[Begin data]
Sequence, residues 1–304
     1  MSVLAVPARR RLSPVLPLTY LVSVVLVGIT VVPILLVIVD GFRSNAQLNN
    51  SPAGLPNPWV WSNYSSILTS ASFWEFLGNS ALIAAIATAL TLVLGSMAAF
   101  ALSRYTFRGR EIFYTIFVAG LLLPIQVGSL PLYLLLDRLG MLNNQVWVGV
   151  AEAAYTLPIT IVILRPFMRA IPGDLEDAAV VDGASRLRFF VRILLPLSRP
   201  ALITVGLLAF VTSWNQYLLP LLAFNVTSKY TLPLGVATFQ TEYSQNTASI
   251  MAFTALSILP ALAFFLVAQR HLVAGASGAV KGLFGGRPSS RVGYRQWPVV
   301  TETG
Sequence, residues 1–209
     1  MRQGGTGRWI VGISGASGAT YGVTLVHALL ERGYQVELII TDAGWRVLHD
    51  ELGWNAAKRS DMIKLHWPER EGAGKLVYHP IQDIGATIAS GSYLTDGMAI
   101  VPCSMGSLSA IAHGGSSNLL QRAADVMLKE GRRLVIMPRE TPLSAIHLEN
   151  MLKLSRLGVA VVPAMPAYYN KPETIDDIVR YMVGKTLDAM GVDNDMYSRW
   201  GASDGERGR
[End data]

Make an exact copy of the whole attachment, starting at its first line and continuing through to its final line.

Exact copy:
Sequence, residues 1–304
     1  MSVLAVPARR RLSPVLPLTY LVSVVLVGIT VVPILLVIVD GFRSNAQLNN
    51  SPAGLPNPWV WSNYSSILTS ASFWEFLGNS ALIAAIATAL TLVLGSMAAF
   101  ALSRYTFRGR EIFYTIFVAG LLLPIQVGSL PLYLLLDRLG MLNNQVWVGV
   151  AEAAYTLPIT IVILRPFMRA IPGDLEDAAV VDGASRLRFF VRILLPLSRP
   201  ALITVGLLAF VTSWNQYLLP LLAFNVTSKY TLPLGVATFQ TEYSQNTASI
   251  MAFTALSILP ALAFFLVAQR HLVAGASGAV KGLFGGRPSS RVGYRQWPVV
   301  TETG
Sequence, residues 1–209
     1  MRQGGTGRWI VGISGASGAT YGVTLVHALL ERGYQVELII TDAGWRVLHD
    51  ELGWNAAKRS DMIKLHWPER EGAGKLVYHP IQDIGATIAS GSYLTDGMAI
   101  VPCSMGSLSA IAHGGSSNLL QRAADVMLKE GRRLVIMPRE TPLSAIHLEN
   151  MLKLSRLGVA VVPAMPAYYN KPETIDDIVR YMVGKTLDAM GVDNDMYSRW
   201  GASDGERGR